Jane Paulson, senior engineer at MnTAP (Minnesota Technical Assistance Programme) at the University of Minnesota, says: “The reasons that companies cite when hesitating to replace trichloroethylene include getting reliable information, raising the required investment for new equipment/staff training, and customer notification/requalification – companies worry it might open the door to competitors if they are making a change,” says Paulson.

The steps in MnTAP’s ongoing TCE Alternatives project begin with understanding the current process and cleaning needs, which involves assessing part geometry, component material, contaminants that need removal and the required level of cleaning. The next steps necessitate collecting samples for performance and solubility testing. Subsequently, it should be possible to identify cleaning products and methods that meet process requirements. MnTAP provides technical assistance to support companies through qualification and implementation steps.

“When we look at replacing trichloroethylene, various options are available,” says Paulson. “In order of preference these include: eliminating the process step altogether; substituting with a process that uses non-solvent media, such as CO2 or dry ice; implementing aqueous systems; adopting non-halogenated solvents like alcohols and esters; and, finally, using other halogenated solvents such as perchloroethylene or dichloromethane, which would be the worst option for both worker health and the environment.”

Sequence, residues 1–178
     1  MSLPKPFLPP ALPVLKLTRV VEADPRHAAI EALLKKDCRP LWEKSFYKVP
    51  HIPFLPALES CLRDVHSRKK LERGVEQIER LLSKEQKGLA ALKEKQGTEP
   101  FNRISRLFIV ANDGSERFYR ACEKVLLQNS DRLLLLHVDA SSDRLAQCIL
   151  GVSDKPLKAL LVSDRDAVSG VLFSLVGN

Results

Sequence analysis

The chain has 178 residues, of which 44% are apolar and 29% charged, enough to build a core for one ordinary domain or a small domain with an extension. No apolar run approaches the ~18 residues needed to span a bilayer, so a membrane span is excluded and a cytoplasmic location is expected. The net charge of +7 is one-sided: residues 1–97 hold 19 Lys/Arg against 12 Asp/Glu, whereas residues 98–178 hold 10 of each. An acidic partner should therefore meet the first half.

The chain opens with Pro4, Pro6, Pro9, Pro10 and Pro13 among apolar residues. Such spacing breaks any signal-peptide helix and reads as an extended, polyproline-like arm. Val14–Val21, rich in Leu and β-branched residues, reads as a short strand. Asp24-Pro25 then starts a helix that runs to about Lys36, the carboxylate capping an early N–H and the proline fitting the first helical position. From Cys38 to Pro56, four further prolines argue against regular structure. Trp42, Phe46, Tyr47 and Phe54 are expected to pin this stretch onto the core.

According to Paulson, for common vapour degreasing applications, no safe solvent options are available. Given the EPA findings of neurotoxicity and cancer risks, she queries perchloroethylene’s ongoing selection and use. “A lack of regulation for substances such as perchloroethylene is not necessarily evidence of safety,” she says. “Rather, it often indicates it hasn’t yet been tested to the same levels.”

Ultimately, while there appear to no discernible moves to outlaw substances such as perchloroethylene, the suggestion is clear: it is not good for human health. One notable policy conclusion cited by many researchers is that additional incentives are required to realise the ambition of a fully non-toxic environment.

Steed Webzell